I think one thing the internet does amazingly well is provide a sense of scale.
The Earth has ~7 billion people living on it, which is a number that is relatively meaningless, since most people (all people) have a terrible time finding a frame of reference for it.
But once you give these people, or even a percentage of these people, a means to connect, create, and share, you can start putting things into perspective.
Just poking around YouTube one encounters an overwhelming amount of video. Much more than anyone could possibly expect to watch in several lifetimes. (According to YouTube’s Stats page, one hour of video is uploaded every second.)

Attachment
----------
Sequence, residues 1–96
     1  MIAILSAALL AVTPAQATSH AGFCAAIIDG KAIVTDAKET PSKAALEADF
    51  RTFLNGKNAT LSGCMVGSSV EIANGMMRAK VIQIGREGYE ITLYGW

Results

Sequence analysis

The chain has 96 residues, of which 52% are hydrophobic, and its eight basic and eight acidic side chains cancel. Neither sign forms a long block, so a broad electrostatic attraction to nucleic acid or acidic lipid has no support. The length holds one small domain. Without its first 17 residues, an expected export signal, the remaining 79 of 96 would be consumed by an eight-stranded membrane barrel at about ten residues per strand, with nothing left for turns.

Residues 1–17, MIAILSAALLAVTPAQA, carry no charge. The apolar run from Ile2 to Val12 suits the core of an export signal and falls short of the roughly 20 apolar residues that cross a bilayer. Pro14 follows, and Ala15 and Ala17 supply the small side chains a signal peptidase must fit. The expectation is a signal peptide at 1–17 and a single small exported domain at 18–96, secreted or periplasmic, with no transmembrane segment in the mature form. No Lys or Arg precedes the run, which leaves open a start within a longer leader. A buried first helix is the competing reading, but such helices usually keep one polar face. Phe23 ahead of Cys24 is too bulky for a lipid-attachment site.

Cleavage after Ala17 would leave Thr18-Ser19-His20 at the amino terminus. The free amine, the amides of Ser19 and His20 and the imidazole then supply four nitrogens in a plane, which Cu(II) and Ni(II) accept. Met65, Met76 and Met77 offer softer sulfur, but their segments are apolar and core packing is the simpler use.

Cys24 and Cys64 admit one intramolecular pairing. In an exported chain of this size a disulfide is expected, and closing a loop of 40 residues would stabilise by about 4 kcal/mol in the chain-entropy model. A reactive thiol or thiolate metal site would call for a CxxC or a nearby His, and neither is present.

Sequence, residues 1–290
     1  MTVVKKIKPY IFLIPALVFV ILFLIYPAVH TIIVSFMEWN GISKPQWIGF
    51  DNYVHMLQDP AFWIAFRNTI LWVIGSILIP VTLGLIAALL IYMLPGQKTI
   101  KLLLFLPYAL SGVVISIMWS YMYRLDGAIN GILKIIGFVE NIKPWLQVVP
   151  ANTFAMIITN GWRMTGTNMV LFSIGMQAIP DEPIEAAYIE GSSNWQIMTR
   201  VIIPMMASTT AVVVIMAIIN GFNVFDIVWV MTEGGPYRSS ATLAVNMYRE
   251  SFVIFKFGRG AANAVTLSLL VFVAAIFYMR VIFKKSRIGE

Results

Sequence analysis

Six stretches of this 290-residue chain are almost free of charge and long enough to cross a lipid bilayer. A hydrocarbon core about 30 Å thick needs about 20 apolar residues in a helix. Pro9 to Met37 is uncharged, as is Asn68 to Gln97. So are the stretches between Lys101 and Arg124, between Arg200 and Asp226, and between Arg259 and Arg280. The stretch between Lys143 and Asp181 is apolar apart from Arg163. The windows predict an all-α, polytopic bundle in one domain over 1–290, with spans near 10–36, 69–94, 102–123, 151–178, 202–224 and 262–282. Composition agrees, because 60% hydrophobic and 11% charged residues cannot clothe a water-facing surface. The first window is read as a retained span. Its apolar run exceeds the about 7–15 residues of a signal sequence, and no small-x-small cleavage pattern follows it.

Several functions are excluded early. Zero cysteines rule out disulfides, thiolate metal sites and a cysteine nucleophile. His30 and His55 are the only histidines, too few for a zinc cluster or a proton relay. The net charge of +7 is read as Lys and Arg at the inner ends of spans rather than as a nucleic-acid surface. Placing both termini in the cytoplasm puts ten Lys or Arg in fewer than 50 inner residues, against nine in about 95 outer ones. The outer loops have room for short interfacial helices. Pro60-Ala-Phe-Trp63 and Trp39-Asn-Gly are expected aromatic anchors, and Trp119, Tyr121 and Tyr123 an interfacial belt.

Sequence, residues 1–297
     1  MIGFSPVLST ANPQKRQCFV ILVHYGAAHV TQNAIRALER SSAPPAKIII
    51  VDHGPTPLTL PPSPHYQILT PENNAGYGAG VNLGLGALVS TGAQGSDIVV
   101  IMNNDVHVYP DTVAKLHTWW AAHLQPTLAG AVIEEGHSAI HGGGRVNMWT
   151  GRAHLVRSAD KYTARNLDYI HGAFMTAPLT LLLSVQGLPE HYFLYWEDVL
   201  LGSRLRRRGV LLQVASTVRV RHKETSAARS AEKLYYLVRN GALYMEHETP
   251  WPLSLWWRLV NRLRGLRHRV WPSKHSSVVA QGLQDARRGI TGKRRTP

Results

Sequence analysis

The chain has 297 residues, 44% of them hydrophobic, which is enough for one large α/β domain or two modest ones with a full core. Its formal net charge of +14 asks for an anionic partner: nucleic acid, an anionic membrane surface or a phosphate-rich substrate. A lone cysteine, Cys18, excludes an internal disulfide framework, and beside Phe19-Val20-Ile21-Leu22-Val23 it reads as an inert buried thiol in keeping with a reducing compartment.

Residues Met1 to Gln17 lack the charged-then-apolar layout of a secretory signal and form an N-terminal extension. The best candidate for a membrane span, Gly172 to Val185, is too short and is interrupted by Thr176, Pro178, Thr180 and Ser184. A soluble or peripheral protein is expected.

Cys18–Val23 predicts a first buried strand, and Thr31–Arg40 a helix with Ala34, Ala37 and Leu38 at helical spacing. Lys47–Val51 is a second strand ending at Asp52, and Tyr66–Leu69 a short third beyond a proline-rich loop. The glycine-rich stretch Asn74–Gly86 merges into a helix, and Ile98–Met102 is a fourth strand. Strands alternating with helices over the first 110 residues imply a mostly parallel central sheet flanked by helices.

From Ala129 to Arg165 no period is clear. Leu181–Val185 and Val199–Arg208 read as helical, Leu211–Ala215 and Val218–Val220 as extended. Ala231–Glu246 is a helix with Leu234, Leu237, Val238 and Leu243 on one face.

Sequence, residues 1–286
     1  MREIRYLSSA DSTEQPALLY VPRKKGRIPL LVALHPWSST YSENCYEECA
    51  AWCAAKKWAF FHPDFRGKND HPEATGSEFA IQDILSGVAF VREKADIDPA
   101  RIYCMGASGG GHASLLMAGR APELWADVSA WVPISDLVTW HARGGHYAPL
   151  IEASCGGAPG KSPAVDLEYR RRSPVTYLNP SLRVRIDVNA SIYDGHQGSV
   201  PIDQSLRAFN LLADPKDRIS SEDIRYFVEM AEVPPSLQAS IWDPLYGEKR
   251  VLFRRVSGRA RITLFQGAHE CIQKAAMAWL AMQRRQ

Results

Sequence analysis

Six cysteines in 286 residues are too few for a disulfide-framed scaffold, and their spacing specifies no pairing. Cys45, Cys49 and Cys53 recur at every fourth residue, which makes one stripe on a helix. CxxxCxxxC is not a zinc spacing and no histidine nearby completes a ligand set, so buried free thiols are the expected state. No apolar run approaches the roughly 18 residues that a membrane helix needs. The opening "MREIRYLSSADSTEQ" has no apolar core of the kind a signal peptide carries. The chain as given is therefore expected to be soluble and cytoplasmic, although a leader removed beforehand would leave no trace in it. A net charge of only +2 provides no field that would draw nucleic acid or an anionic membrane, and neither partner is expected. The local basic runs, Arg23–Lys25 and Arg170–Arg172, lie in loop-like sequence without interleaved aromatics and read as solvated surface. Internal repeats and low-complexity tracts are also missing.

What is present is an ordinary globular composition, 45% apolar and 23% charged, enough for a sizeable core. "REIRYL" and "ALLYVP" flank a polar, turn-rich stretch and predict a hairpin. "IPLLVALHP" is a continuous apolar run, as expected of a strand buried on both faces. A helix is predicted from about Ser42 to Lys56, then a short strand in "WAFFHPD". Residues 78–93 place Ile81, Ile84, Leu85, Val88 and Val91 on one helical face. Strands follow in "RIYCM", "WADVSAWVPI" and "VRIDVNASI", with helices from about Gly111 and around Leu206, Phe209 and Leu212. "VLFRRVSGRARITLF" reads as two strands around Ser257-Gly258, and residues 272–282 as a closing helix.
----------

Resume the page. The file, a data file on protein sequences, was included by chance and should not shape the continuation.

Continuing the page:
The Cheezburger Network has hundreds of sites devoted to single themes, and are updated multiple times a day, by user submitted photos. Even if you only follow one or two of their feeds, it’s almost a full time job to keep up with them.
The social network sites love to give us stats and numbers. But the number of tweets per minute, the number of visitors per day, the amount of content uploaded tends to be meaningless without reference. Fortunately, the content is visible, and the visible representation is something we can relate to.
Once we can explore the numbers. See the live tweets as they come in. Watch video for hours and realize that there are days of content left to see. Look through a friend’s photos and realize that long lengths of time have passed. Go down the wikipedia rathole only to forget why we originally surfed there. Then we start to get an idea of how big the world really is.
Talking numbers is vastly unhelpful. Experiencing them can be insightful.